3. Keep the engine running
You may have assembled a powerful innovation engine, but will it run reliably and for a long time? The actions taken after one successful disruption are critical to the likelihood of another one occurring. We believe that four practices are associated with the profitable perpetuation of disruption:
a) Think small
Johnson & Johnson is one of the few organizations that has found ways to consistently innovate despite its complexity and scale. (J & J has sales of $32.3 billion and approximately 106,100 employees across 197 operating companies.) Emphasizing the decentralized approach that enables disruption as well as quick decision-making, J & J pitches potential recruits under the banner of “small-company environment, big-company impact.” But what’s more important is that the company has created a process–called FrameworkS–to allow it to assess disruption and act quickly.
Begun as an initiative of J & J’s nine-member executive committee, FrameworkS (the ‘S’ emphasizing the multiple ways J & J managers must view the company’s businesses) spins off teams of senior managers to scrutinize company-wide issues identified as critical to J & J’s future; team members come from all over the company, and they are encouraged to challenge everything. The teams break into task forces that launch intensive research ranging from analyses of J & J’s relevant operations, policies and plans, to meetings with third-party subject-matter experts.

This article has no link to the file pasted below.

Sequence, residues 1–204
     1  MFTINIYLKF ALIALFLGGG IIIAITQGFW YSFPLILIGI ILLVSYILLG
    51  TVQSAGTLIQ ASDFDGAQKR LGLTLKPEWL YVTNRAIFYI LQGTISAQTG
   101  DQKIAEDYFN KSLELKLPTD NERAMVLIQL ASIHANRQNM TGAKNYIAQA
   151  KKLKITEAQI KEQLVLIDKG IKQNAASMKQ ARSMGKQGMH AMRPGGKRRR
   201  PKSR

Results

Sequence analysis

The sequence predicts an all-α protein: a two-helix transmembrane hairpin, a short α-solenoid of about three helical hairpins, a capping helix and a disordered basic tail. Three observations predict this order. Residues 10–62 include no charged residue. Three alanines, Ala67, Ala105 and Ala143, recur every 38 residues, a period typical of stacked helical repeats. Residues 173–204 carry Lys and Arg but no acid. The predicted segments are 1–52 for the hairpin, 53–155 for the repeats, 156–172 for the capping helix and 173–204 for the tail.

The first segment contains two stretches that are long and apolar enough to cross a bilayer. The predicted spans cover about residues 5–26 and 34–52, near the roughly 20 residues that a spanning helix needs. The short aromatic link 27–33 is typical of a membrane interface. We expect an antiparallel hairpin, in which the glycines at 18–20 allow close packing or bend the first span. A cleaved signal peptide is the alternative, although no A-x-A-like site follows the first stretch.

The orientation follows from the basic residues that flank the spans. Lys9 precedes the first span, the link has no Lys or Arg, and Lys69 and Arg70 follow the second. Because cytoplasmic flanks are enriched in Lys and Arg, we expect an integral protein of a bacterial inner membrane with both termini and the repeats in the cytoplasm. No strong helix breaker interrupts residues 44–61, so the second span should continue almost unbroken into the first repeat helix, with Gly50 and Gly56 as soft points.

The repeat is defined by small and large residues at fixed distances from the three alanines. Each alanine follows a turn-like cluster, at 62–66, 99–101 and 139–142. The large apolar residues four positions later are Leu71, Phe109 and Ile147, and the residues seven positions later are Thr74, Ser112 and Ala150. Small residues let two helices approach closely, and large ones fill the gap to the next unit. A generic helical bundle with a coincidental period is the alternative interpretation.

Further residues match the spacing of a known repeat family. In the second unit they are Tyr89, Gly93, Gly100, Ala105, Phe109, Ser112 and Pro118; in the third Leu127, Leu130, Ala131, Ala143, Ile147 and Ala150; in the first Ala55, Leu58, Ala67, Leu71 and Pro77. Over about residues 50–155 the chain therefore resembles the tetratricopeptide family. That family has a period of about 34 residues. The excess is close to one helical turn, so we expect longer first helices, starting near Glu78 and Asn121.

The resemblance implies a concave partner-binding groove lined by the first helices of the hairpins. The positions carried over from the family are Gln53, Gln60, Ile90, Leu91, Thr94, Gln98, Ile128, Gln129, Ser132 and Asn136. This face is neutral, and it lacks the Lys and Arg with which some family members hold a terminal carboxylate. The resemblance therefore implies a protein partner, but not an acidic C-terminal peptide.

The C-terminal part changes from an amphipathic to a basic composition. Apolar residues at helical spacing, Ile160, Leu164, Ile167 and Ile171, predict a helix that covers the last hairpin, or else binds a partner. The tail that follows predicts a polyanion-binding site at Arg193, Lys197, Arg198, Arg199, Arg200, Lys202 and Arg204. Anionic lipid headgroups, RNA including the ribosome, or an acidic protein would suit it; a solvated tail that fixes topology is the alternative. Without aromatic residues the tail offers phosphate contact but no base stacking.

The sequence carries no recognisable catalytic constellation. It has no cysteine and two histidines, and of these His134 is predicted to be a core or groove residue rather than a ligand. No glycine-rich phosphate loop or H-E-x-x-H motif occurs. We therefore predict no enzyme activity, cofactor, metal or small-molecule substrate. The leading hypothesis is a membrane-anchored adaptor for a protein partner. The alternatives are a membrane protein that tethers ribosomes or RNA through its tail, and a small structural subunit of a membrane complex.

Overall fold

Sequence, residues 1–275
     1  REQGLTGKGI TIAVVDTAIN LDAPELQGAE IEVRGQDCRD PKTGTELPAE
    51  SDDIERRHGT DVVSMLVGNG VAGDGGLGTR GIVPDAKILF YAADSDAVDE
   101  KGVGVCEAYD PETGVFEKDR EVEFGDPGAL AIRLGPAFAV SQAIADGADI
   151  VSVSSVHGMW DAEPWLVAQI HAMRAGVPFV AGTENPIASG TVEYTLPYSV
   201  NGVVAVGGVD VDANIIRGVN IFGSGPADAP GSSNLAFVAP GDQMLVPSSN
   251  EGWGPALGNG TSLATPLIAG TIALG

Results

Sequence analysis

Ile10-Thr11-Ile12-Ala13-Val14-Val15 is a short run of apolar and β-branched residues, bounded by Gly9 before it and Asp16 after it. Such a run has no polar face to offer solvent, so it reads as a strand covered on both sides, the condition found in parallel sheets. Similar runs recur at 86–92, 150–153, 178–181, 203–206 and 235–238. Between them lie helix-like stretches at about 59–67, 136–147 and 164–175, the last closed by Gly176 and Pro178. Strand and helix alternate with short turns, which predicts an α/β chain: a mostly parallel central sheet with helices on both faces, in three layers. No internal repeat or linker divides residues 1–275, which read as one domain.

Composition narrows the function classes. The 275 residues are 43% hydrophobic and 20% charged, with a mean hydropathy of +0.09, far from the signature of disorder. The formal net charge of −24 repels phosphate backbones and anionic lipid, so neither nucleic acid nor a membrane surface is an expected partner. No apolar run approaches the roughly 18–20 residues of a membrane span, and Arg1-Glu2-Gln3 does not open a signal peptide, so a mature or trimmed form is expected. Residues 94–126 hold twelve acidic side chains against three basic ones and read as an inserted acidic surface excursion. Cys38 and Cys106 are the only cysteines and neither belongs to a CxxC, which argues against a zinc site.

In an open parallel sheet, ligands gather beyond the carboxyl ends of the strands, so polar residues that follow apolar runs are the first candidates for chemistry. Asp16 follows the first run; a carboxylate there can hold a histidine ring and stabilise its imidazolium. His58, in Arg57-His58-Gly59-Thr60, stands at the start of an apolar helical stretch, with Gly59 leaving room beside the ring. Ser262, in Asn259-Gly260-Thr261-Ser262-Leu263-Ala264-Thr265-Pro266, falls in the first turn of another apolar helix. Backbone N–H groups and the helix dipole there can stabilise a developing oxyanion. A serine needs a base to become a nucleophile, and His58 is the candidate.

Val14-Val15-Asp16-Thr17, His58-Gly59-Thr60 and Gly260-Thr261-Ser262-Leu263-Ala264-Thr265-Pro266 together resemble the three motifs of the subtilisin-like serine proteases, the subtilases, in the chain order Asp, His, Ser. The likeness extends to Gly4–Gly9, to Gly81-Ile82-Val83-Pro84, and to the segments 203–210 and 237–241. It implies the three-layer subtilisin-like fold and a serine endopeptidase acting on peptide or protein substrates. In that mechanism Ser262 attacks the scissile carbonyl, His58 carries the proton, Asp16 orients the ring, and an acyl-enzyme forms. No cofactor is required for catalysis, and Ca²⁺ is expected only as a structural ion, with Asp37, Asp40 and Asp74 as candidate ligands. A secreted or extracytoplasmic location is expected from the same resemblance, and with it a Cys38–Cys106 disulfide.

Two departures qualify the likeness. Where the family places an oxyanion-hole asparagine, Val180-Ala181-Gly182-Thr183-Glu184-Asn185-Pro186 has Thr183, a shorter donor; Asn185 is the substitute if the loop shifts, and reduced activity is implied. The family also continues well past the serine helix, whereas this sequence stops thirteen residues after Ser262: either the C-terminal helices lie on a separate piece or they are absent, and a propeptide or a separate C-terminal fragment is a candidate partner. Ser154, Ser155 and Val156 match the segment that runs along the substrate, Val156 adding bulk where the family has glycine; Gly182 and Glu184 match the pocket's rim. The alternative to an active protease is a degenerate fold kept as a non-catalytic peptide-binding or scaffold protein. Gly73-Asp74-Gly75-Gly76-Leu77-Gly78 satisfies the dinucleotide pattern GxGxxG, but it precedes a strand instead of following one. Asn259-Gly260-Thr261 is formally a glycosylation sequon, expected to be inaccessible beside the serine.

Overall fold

The big point: The participating senior managers already have high-pressure “day jobs,” but they commit wholeheartedly to their task-force roles, learning as they go. In effect, change is part of their long-term mandates, and the company thinks and acts in terms of a permanent portfolio of risk. No one project is a bet-the-company move. In 1999, Ralph Larsen, J & J’s chief executive at the time, credited FrameworkS with promoting “a receptiveness to deal with change that did not exist 5 years ago.”
b) Share the wealth and the wisdom
Just because disruptive innovations should be nurtured in an independent environment doesn’t mean they should stay in the incubator forever. As a disruptive innovation matures, there will be more opportunities to share activities with other parts of the organization. In fact, the rewards should be shared to encourage co-operation on future disruptive initiatives. Managers should already be thinking three years ahead when asking questions such as: Which activities will be shared with other parts of the organization? Should we transfer managers to and from disruptive businesses to strengthen their general management skills and teamwork? How might we involve the heads of disruptive businesses in traditional planning processes to encourage more aggressive innovation?